New York Times: 70 Years On, Crowd Gets Close to the Birthplace of the Atomic Bomb

Medium.com: Battle of the Nobel Laureates

National Geographic: Time Line: A History of Telescopes

The New York Times: Our Cosmic Selves

Symmetry: Our flat universe

Qatar Digital Library: AL-BĪRŪNĪ: A high point in the development of Islamic Astronomy

Diagram of phases of the moon in al-Bīrūnī’s Kitāb al-tafhīm. Or. 8349, f. 31v

Diagram of phases of the moon in al-Bīrūnī’s Kitāb al-tafhīm. Or. 8349, f. 31v

Yovisto Blog: Kamerlingh Onnes and Superconductivity

Dataisnature: The Hindu Temple as a Model of Fractal Cosmology – Forecasting Architecture with Recursive Instruction

Yellamma Temple [Karnataka] – Paul Prudence

Yellamma Temple [Karnataka] – Paul Prudence

arXiv.org: The contribution of Giordano Bruno to the special principle of relativity

The Royal Society: Publishing Blog: Mary Somerville: A lesson in creativity and determination

Fine Books & Collections: Out of this World

Voices of the Manhattan Project: Meta Newson’s Interview

Christie’s The Art People: Jacques Bassantin, Astronomique Discours

The Irish Times: Annie Russell: A trailblazing Irish astronomer whose work eclipsed her husband’s

The Washington Post: Behind the scenes of the final mission to service the Hubble telescope

Christie’s The Art People: Decoding the stars: An expert introduction to Astrolabes, the beautiful objects that were the ‘medieval iPhones’

Voices of the Manhattan Project: Betsy Stuart’s Interview

2015 International Year of Light: Einstein Centenary

2015 International Year of Light: Discoverers of Light

Real Clear Science: The Real History of the Planet Vulcan: How a Planet’s Death Birth Relativity

The Guardian: Starwatch: Happy 25th birthday, Hubble

Science News: Celebrating 25 years of the Hubble Space Telescope


Atlas Obscura: Inside the most amazing map library you’ve never heard of

Medievalist.net: The Atlas Miller rsz_moleiro_article1_3-650x463 History Today: Fantasy Worlds: A Gallery of Mythical Maps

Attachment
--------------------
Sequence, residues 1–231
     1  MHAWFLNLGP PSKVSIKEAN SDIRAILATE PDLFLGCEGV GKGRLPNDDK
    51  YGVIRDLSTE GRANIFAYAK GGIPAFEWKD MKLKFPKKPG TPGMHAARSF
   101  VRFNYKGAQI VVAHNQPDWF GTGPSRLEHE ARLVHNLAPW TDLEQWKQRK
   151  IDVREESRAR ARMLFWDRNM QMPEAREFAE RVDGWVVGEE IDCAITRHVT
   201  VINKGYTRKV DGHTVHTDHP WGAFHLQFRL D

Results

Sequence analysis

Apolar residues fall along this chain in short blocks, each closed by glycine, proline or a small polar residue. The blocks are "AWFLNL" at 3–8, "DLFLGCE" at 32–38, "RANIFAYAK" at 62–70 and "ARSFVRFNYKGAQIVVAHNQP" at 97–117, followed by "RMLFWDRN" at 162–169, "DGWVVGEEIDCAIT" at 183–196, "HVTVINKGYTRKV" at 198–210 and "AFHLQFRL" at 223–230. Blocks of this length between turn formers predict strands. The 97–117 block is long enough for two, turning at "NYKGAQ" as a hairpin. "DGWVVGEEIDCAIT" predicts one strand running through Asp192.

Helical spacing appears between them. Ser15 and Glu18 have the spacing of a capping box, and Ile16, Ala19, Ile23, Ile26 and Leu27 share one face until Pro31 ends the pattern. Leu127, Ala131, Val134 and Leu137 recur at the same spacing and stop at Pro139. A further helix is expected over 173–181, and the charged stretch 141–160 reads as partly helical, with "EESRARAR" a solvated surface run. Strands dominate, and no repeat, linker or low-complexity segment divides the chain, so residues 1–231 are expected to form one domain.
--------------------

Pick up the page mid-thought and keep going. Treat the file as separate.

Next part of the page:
National Library of Scotland: Map Images: Coasts of Scotland on marine charts, 1580–1850


Medievalist.net: Medieval Viagra

ChoM News: Tour an “ultramodern” hospital in the year 1900

NYAM: Treating Mad Men: Harry Levinson’s Men Management, and Mental Health

CHF: The Strange, Gruesome Search for Substance X

Our understanding of endorphins can be traced back to the head of a pig. (Boston Public Library, Leslie Jones Collection)

Our understanding of endorphins can be traced back to the head of a pig. (Boston Public Library, Leslie Jones Collection)

Perceptions of Pregnancy: Infertility and Infidelity in Early Modern England

The Recipes Project: The Politics of Chocolate: Cosimo III’s Secret Jasmine Chocolate Recipe

Medievalist.net: Medieval Medicine and Modern Science: An Interview with Freya Harrison

Brought to Light: 1920’s Nursing Uniforms from the “Aristocrat of Uniforms” mss20134_1_bobevansuniform1-589x1024 Embryo Project: Fetal Surgery

The Conversation: Why I wasn’t excited about the medieval remedy that works against MRSA

Social History of Medicine: Inhaling Democracy: Cigarette Advertising and Health Education in Post-war West Germany 150s–1975

Jennifer Sherman Roberts: Laughing at History

Greg Jenner: A Brief History of Menstruation


Ptak Science Books: Human Computer Art, 1949 

Yovisto: Harold Eugene Edgerton and the High Speed Photography

IEEE Spectrum: What Kind of Thing Is Moore’s Law?

IEEE Spectrum: Is This Really the Anniversary of Moore’s Law

Ptak Science Books: Air-Punk: Underwater Cyborg Diving Suit (1797) 6a00d83542d51e69e2017742ffbae9970d-500wi Dhaka Tribune: Bengal Lights

Ptak Science Books: Cross-Section Series: Battleship “Deutschland”, 1931

Conciatore: Laughing in the Fern

Mad Art Lab: Grace Hopper and the Democratization of Computer Progamming (Women in Science 35)

Capitalism’s Cradle: Female Inventors of the Industrial Revolution Part 4: Henrietta Vansittart

Conciatore: Borgo Pinti

Medievalist.net: Shining Light on Medieval Illuminations: Pigments through the Ages

Ptak Science Books: The Old Bridge’s Future Bridge

Ptak Science Books: A Nickel-Plated Low-priced Arithmetical Godsend (1922)

The Telegraph: How Alan Turing’s secret notebook could disappear forever


The Irish Examiner: Who was John Tyndall?

Embryo Project: Amphioxus, and the Mosaic Theory of Development (1893), by Edmund Beecher Wilson